Home Composting
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Home Composting

In the natural world, organic wastes naturally decompose, returning nutrients to the soil. Home composting allows vegetative kitchen and yard waste to decompose naturally. Compost is a wonderful, natural soil amendment, and it doesn't cost anything! In addition, composting conserves water. Here's how:

  • Garbage disposals use lots of water to dispose of kitchen vegetative waste. Composting this waste instead saves water in the kitchen.
  • Adding finished compost to plantings improves the water-holding capacity of soil, reducing the need for outdoor watering.

By creating and using compost at home, you also:
  • produce your own, free fertilizer/soil amendment, which contains no synthetic chemicals and which requires no fossil fuels in its production or transport
  • keep nutrients in the nutrient cycle and out of landfills, where they cannot be used again
  • help to keep solid waste management costs down for your community, which benefits taxpayers
  • will have healthier, happier plants in your landscaping or garden!

Other than some of your time and effort, composting requires just five things: organic material, moisture, soil organisms, air and a composting bin.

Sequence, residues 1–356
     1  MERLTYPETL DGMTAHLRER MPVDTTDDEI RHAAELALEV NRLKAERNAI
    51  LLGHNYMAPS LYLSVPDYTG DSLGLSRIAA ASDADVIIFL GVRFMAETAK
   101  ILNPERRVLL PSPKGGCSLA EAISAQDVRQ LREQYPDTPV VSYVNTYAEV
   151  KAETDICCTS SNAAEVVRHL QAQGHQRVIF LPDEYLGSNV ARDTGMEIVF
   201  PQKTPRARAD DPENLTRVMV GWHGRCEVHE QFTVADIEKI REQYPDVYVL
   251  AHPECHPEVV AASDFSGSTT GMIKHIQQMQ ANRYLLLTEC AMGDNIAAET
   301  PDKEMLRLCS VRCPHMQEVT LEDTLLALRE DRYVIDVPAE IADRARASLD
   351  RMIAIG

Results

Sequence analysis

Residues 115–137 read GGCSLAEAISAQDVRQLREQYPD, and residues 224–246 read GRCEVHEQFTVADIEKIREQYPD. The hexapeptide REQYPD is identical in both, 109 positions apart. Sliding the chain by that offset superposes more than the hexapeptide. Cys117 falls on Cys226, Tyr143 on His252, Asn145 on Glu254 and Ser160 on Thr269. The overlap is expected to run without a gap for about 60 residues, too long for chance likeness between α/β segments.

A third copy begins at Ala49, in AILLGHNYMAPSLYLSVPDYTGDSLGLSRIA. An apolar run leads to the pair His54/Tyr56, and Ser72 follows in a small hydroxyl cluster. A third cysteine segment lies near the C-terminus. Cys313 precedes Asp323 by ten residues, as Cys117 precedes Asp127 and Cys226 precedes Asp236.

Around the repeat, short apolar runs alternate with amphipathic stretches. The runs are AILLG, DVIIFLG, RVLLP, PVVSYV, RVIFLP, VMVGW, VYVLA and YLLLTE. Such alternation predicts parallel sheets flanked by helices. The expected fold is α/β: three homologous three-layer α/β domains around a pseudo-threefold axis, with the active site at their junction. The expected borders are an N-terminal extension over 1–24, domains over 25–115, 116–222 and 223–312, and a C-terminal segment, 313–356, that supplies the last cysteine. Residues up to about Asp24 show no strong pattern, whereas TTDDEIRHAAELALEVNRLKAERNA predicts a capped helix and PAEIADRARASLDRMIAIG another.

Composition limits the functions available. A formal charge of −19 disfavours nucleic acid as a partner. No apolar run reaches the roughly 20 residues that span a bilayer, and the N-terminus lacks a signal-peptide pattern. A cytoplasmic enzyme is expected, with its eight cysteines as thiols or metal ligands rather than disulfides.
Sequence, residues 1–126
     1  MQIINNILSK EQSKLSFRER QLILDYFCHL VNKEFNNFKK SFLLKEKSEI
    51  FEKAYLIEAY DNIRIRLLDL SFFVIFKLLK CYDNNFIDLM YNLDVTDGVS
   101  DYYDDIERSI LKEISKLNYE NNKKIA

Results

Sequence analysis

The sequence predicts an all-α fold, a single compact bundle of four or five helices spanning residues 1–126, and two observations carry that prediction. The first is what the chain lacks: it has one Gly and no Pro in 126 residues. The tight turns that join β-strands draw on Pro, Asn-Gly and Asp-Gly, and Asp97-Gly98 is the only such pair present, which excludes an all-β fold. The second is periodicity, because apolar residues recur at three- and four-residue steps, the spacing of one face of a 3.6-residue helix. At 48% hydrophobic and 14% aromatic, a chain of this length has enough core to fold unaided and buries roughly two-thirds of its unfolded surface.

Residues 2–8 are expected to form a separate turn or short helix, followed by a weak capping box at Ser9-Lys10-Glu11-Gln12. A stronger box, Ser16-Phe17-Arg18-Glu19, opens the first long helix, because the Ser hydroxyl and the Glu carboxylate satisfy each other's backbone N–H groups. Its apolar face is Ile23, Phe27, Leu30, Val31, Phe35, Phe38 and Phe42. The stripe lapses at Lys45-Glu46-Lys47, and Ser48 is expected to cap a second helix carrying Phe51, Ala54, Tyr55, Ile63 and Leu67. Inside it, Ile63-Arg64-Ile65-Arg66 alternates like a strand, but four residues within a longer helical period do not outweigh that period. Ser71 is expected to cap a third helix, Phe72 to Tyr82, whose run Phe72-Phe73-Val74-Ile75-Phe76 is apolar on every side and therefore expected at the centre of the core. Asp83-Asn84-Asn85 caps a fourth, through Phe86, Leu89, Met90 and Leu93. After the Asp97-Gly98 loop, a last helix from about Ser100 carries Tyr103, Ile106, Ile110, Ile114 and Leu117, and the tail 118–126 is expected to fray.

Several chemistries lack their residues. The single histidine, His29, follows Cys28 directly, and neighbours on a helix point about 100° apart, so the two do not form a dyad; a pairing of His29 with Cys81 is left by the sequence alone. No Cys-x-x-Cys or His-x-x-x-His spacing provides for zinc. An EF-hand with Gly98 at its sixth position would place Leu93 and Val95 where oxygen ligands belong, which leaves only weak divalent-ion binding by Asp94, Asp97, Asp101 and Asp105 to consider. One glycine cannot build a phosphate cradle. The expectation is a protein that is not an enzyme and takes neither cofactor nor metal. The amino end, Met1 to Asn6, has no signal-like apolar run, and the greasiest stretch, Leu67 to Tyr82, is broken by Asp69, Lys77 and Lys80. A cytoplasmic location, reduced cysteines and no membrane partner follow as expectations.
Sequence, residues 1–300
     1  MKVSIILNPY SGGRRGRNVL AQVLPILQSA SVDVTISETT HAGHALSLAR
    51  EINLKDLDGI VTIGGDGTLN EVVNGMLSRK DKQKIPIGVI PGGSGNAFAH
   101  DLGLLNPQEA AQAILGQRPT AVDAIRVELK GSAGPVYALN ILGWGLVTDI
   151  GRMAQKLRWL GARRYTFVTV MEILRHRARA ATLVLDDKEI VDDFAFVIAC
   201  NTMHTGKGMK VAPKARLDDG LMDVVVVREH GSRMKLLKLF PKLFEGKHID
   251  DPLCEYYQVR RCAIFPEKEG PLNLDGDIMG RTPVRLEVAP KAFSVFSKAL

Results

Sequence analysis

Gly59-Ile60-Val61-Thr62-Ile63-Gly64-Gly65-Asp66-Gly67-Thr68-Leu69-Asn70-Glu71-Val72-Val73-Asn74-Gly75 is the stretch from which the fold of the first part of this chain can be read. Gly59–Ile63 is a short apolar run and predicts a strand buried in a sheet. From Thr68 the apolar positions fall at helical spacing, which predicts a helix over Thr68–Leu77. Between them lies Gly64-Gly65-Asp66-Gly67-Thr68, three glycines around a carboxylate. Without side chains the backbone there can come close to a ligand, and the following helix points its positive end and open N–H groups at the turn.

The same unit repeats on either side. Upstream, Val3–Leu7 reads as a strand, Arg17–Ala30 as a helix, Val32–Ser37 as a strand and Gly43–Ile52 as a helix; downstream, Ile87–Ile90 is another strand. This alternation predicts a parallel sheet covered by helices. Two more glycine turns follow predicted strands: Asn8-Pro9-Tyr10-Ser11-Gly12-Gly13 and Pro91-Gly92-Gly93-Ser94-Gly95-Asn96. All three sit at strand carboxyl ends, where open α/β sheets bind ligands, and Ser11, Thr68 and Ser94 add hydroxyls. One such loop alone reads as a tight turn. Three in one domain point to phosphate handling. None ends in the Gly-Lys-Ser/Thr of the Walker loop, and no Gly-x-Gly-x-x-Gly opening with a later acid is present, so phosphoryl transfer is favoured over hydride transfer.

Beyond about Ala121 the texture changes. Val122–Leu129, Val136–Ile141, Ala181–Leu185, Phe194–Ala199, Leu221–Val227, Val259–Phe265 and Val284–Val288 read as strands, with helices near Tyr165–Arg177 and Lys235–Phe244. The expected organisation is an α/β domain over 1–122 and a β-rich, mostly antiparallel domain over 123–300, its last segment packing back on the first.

Organic material includes both green wastes (such as fruit and vegetable scraps and grass clippings), which are high in nitrogen, and brown wastes (such as leaves), which are high in carbon. Worms, bacteria and other tiny organisms break down the organic material into usable compost.

The key to a successful compost pile is a balance of these “green” and “brown” materials. Add each material in alternating thin layers to help maintain the balance of nitrogen and carbon. Add alternate layers of green wastes and brown wastes and, if desired, thin layers of soil. Cutting or shredding materials into smaller pieces will speed up the composting process.

To break down the organic materials, soil organisms need air and water. Add air to the pile by turning it every few weeks. Keep the compost pile moist, but try not let it get too wet—the wetness of a wrung-out sponge is just right. Try covering your compost pile during heavy rainfalls.

You can continue to add materials to your compost throughout the winter. The cold weather will slow down the composting process, but the pile will become active again with the arrival of spring. Most compost piles will be completely decomposed in six months, depending on the balance of materials and how often the pile is turned.

Getting started
Start your compost site on a level, well-drained area. A shady spot will help prevent the compost from drying out. In the winter, the ideal spot is a sheltered area that receives direct sun all day. Whatever the location, do not put the compost bin on exposed tree roots.

Compost bins
A wide variety of ready-made compost bins are commercially available from home-improvement stores, garden centers and mail order and on-line companies. Very effective bins may be constructed with simple, inexpensive materials as well: